The opinion of the court was delivered by: J. Phil Gilbert District Judge
This matter comes before the Court on Petitioner Kendel McKinney's (hereinafter "McKinney") Motion to Vacate, Set Aside or Correct Sentence (Doc. 1) pursuant to 28 U.S.C. § 2255. Respondent United States of America ("the Government") filed a Response (Doc. 7) thereto, to which McKinney submitted a Reply (Doc. 10).
For the following reasons, the Court DENIES the instant motion.
On February 7, 2007, a grand jury indicted McKinney on two counts of knowingly and intentionally distributing less than 5 grams of crack cocaine in violation of 21 U.S.C. § 841(a)(1) and § 841(b)(1)(C). The Court thereafter appointed counsel to represent him. McKinney ultimately pleaded guilty to both counts of the indictment. Because of prior state court convictions, McKinney received an enhancement under 21 U.S.C. § 851 and was deemed a career offender. Based on an offense level of 31 and a criminal history category of VI, McKinney's sentencing range was 188 to 235 months. After considering the factors under 18 U.S.C. § 3553(a), the Court sentenced McKinney to 293 months of imprisonment, six years of supervised release, a $500 fine, and a $200 special assessment.
McKinney filed a direct appeal challenging his sentence. The Seventh Circuit Court of Appeals found the sentence to be reasonable and affirmed the judgment. McKinney did not file a petition for writ of certiorari with the United States Supreme Court.
On September 14, 2009, McKinney filed the instant motion, which presents two arguments. First, he alleges trial counsel was ineffective in failing to object to his criminal history category and investigate a prior conviction that made him eligible for the career offender guidelines. Second, McKinney alleges his guilty plea was involuntary and unknowing because counsel failed to explain the elements of § 851.McKinney contends that had he known the "true nature of § 851 application, and the definition of 'serious drug offense' he would have not pleaded guilty but would have requested a jury trial." Doc. 2, p. 14.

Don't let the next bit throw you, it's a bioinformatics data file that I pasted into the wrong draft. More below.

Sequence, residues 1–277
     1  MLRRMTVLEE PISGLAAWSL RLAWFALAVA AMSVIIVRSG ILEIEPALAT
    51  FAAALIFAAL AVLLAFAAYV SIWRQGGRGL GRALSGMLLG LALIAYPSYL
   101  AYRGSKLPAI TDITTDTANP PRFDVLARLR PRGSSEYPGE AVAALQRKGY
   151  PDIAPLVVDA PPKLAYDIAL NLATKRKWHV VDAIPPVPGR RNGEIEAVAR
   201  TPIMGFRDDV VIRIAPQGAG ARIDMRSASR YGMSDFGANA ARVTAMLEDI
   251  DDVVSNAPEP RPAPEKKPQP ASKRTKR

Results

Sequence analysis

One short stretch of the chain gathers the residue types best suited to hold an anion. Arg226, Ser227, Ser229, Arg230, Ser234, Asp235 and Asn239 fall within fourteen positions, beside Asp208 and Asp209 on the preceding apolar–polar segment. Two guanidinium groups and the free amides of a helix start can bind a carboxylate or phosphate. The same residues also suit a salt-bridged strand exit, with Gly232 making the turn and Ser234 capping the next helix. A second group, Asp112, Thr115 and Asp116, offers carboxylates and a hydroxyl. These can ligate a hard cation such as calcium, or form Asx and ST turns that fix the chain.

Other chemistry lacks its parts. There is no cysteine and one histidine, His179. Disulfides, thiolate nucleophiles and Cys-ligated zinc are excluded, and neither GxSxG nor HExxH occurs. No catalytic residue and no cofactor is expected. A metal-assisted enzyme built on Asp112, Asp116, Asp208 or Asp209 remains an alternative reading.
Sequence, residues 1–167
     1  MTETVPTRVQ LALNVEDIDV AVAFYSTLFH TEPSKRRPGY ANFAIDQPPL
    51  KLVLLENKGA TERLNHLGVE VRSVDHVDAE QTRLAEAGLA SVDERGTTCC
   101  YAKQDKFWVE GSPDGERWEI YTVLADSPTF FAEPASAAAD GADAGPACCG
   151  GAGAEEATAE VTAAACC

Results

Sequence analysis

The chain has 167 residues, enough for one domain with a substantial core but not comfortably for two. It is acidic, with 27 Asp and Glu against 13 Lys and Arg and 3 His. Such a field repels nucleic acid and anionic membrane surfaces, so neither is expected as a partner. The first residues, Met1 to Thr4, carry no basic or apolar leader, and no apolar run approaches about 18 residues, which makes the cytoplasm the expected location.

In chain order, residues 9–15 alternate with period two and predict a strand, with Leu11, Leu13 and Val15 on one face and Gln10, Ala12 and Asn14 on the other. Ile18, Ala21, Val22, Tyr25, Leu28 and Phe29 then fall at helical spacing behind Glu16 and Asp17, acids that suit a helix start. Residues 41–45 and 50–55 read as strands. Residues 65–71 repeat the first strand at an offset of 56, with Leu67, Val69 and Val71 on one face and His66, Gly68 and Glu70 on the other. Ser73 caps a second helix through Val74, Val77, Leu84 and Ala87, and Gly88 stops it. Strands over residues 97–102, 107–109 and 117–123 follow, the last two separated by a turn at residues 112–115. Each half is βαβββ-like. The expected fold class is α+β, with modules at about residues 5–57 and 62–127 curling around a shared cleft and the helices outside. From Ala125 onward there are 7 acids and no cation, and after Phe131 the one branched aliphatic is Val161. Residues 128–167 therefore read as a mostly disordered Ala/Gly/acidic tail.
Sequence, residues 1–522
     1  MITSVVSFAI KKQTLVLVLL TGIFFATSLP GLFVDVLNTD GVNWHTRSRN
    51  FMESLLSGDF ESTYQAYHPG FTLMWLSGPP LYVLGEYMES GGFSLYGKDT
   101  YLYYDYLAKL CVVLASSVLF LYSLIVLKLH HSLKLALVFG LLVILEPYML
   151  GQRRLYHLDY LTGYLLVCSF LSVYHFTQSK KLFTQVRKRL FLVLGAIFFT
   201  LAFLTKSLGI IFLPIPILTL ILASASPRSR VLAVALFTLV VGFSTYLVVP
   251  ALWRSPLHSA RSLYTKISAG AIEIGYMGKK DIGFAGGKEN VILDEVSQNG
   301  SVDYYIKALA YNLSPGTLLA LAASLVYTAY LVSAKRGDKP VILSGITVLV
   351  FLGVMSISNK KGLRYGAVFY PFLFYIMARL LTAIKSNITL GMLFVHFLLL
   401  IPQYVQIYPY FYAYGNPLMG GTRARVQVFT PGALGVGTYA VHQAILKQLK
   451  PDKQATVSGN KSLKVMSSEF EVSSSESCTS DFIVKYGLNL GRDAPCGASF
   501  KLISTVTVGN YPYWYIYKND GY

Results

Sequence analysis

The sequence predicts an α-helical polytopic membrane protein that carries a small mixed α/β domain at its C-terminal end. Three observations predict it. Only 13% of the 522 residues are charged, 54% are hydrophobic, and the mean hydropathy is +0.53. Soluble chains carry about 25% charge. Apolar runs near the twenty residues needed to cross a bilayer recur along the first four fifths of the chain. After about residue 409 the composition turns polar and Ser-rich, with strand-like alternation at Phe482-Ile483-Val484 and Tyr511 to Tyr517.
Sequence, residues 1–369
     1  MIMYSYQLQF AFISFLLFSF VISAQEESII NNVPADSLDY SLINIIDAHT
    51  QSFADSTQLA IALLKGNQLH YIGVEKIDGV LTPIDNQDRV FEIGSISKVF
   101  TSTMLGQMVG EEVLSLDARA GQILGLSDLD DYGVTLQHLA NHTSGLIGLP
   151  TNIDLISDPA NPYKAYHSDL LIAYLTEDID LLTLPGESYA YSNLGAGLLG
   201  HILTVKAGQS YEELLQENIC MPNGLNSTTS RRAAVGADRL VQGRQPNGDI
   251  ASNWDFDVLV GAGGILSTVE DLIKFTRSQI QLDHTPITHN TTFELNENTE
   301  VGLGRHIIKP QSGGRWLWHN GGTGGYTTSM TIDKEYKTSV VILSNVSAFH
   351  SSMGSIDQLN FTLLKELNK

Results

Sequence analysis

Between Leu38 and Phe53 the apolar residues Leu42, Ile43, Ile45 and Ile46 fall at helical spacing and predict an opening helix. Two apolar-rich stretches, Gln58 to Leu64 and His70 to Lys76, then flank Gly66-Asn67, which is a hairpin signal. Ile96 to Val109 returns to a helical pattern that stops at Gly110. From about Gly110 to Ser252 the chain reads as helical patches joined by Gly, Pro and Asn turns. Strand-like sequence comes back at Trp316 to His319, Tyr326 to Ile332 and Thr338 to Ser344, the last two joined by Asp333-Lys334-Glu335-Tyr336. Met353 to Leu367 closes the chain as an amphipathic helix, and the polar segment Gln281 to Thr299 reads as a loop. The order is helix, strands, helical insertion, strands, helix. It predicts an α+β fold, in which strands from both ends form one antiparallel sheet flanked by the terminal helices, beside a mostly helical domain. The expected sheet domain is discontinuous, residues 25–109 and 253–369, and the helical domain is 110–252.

I. Section 2255 Generally
The Court must grant a § 2255 motion when a defendant's "sentence was imposed in violation of the Constitution or laws of the United States." 28 U.S.C. § 2255 (2006). That said, "[h]abeas corpus relief under 28 U.S.C. § 2255 is reserved for extraordinary situations." Prewitt v. United States, 83 F.3d 812, 816 (7th Cir. 1996). "Relief under § 2255 is available only for errors of constitutional or jurisdictional magnitude, or where the error represents a fundamental defect which inherently results in a complete miscarriage of justice." Kelly v. United States, 29 F.3d 1107, 1112 (7th Cir. 1994) (quotations omitted). A defendant cannot raise in a § 2255 motion constitutional issues that he could have but did not raise in a direct appeal unless he shows good cause for and actual prejudice from his failure to raise them on appeal or unless failure to consider the claim would result in a fundamental miscarriage of justice. Massaro v. United States, 538 U.S. 500, 504 (2003); Wainwright v. Sykes, 433 U.S. 72, 87 (1977); Fountain v. United States, 211 F.3d 429, 433 (7th Cir. 2000); Prewitt, 83 F.3d at 816.